Achilles - The Dark Horse (Cover Artwork)
Staff Review


The Dark Horse (2005)


With The Dark Horse, Rochester's Achilles has taken the necessary steps to grow a bit beyond the blatant unoriginality and otherwise horribly disjointed moments that plagued their self-titled 2004 EP. It's a debut full-length that manages to capture the almost arty, epic feel only a small handful of metalcore acts manage to attain, and it's stated in under a half-hour.

The Dark Horse shows that Achilles has let up a bit on the Every Time I Die aping, now opting for slightly more heavier and still somehow relatively angular metalcore depictions; if anything, the band now draws from the Last Night In Town era, with Rory Vangrol definitely giving off an early Keith Buckley inflection at times. "Ivory" also carries deathly similar themes to "The Logic Of Crocodiles" in its condemnation of corporate tactics, though perhaps not as eloquently stated. The part early in the song where the guitar fades out to leave Vangrol screaming panic-like over bass and drums makes for an early record standout moment, though.

Instead of treading the beaten path of tough guy territory, the album usually finds Achilles preferring more mathy terrains, especially for their genre. The experience of producer and Breather Resist guitarist Evan Patterson -- who also does guitar work at some point on the disc -- shines through here; he seems to bring out similarly heavy traits in Achilles, with accurate press release comparisons to Botch as well. "Over Our Heads" has a dizzying bass line in its bridge commanding a strange time signature, and its original tone carries over into the intro of the followup title track. The band's sound manages to flawlessly interchange between wall-of-sound destruction and a guitar tone that the band could one day trademark. The guitars in "In Lights" excellently pitch echoing soundscapes mid-track, and the breakdown of "Wake Me When It Thunders" conveys an eerie feel with its epic finish.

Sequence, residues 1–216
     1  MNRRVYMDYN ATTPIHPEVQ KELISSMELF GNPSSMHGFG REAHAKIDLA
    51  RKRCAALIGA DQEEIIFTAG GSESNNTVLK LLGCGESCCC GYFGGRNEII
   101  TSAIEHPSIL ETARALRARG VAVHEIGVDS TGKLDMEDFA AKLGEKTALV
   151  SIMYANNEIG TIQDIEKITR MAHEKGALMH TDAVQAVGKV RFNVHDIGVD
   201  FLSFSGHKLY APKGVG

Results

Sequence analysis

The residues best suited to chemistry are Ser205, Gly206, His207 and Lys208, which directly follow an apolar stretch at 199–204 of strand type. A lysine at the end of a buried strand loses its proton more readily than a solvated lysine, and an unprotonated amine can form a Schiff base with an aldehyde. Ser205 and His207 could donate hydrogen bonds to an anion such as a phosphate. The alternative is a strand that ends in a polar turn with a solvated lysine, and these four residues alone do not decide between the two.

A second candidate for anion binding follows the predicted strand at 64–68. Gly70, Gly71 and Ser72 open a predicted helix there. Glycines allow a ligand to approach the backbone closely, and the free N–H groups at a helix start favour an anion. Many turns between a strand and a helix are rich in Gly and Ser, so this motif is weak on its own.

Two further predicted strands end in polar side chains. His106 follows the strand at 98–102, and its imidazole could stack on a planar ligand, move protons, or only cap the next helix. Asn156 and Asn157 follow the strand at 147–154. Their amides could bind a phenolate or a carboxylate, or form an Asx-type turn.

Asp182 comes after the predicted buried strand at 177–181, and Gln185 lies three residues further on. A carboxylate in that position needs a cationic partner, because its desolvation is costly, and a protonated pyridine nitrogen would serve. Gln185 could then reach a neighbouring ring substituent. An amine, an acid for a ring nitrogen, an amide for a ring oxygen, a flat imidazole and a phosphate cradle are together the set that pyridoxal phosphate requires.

The Dark Horse only features 27 minutes of controlled chaos, but it showcases an ambitious attempt at breathing life into a genre usually disreputable thanks to some. It's void of pointlessly melodic singing and flows perfectly with spot-on cohesiveness, and despite its length, is more than enough of a testament to the band's talents and knack for artfully-driven hardcore/metal that matches up to similarly-minded acts.

Every Hour Wounds, The Last One Kills